The news is overwhelming. Hurricane Sandy has left many underwater and out of power. Iran and North Korea want a place on the nuclear playing field. And then there are the elections. Both sides find themselves polarized: conservatives fear that the country is headed for a liberal free fall, and liberals believe that we are being led down a path of strident fundamentalism.
Next month the battle lines will change and the hurricanes will have new names, but the tsunami of information coming at us will continue to swell. For the last decade, we’ve been told that we live in the age of information overload. We can do anything, buy anything, and find out about anything twenty-four hours a day, seven days a week. The problem is that our 24/7 world is not only making us anxious and unhappy—it is killing us.
A growing number of studies reported in the medical literature and popular press all point in the same direction. This generation’s brave new experiment of working more and resting less is making us fat, anxious, and short-lived.
As a former ER physician, I treated the physical and mental effects of our always-on society in my patients. As an A+ personality type, I felt the ramifications in my health, my marriage, and my work. Then a decade ago, my family switched from a 24/7 way of life to a 24/6 rhythm. On multiple levels, taking a weekly “Stop Day” saved our lives. It can save yours, too.
Remembering to Rest
Some 4,000 years ago on the Sinai Peninsula, a quick-tempered abolitionist repelled off the north face of Mount Sinai with a top ten list of thou shalls, thou shalt nots, and one remember. The fourth on his list told everyone and everything, including beasts of burden like you and me, to remember to throw life in park one day out of every seven.
This was a radical social experiment. In the pre-Moses culture, the Egyptians outdid the Beatles’ eight-day week and functioned with three ten-day weeks per month. Irrespective of whether one believes the Bible’s account or if one holds to the Cecil B. DeMille of deliverance from slavery, a weekly Stop Day began permeating culture once the Hebrew people exited from Egypt.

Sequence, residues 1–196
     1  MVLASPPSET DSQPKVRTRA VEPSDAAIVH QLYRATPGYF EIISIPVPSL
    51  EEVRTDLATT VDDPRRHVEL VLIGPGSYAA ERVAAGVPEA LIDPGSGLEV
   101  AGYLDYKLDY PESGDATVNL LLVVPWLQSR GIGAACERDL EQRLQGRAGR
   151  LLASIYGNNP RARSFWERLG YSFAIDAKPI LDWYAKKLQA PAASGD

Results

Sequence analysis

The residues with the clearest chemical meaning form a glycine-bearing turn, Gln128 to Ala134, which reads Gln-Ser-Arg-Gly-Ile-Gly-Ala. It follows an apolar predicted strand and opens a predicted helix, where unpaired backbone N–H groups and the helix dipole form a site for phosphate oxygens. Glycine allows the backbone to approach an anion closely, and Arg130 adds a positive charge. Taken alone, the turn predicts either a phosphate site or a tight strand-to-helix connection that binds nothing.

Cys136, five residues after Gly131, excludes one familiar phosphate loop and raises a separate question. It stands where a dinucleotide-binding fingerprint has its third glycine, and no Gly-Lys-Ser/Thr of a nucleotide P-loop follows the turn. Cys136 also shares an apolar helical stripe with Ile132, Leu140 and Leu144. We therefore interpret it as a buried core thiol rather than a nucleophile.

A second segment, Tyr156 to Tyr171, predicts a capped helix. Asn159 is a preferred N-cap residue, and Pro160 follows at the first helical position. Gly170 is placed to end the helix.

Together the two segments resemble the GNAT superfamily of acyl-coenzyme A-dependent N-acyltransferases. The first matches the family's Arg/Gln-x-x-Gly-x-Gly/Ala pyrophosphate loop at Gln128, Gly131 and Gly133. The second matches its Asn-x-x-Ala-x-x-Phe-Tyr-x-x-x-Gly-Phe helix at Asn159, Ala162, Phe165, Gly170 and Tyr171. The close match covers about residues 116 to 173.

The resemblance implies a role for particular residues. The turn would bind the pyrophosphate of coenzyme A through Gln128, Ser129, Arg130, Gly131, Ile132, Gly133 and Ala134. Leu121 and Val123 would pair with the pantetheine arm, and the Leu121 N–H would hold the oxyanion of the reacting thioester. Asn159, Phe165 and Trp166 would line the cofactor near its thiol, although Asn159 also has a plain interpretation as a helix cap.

More than a thousand years after Moses, the custom of ceasing (Sabbath literally means to cease or stop) had taken hold. The Greek writer Philo (20 BC—AD 50) noted, “Who has not shown his high respect for that sacred seventh day, by giving rest and relaxation from labor to himself and his neighbors, freemen and slaves alike, and beyond these to his beasts?” Roman statesman and philosopher Seneca (4 BC—AD 65) reported that the customs of the Jews “have gained such influence that they are now received throughout all the world. The vanquished have given laws to their victors.” In Rome, Josephus (AD 37–100) wrote that there was no city from Grecians to barbarians “nor any nation whatsoever” where the observance of Sabbath did not come.
For nearly all of the last 2,000 years, Western society has observed a day of rest each week. Only in my lifetime has this 24/6 prescription been lost. The side effects are making tempers flare and civility wane.
I am not advocating for the reenactment of Blue Laws or for Judaism or Christianity to become the state religion. But as a former laborer in the 24/7 world of medicine, and as a practitioner of a weekly day of rest for the past decade, I can attest to the healing power of rest—for individuals who chronically feel stretched too thin, and for us as an overworked nation.
What is rest? Figure out what work is for you, and then don’t do it one day in seven. And then protect the right of others to rest: The Fourth Commandment specifically extends the right of stopping one day a week to children who are not literate, illegal immigrants and minimum wage workers (Exodus 20:8-11).
Stopping 24 hours a week
Several weeks ago after preaching at the National Cathedral, I had lunch with a politically diverse group. At the table sat people from the left and right, from blue states and red. Peace prevailed. We stopped working and ate. We found common ground. We lay down our labels and came to rest.
We are the richest society ever to exist, yet many express discontentment with what they have. We have great literacy concerning nutrition, yet we are obese. We have access to more information but feel overwhelmed. Perhaps the solution to America’s anxiety is not more, but less.
Political seasons, hurricane seasons, and new threats will continue to loom, but taking a day of rest one day a week helps us define ourselves outside of these events—not as human doings but as human beings.
Everything has limits, including us. To believe we don’t have boundaries is hubris. As global challenges confront us, we must not tune out—nor must we gorge ourselves at the all-you-can-eat buffet of news and information.
When one adds a day of rest each week and multiplies it times an average lifespan, one spends a decade in rest and peace. Multiply this times an entire nation and an ocean of time spent with family, nature, and community has gone missing.
What’s missing from our lives does matter. Rest, love, and forbearance are not the subjects of news headlines or debates, but they are the things that make society civil and life worth living.
Perhaps the best thing we can do for the peace and healing of our country is to take a weekly day of rest, beginning now.
Dr. Matthew Sleeth, a former emergency room physician and chief of a hospital medical staff, is the author of the new book, “24/6: Prescription for a Healthier, Happier Life.” He currently serves as executive director of the faith-based nonprofit, Blessed Earth, and is a monthly guest preacher at the Washington National Cathedral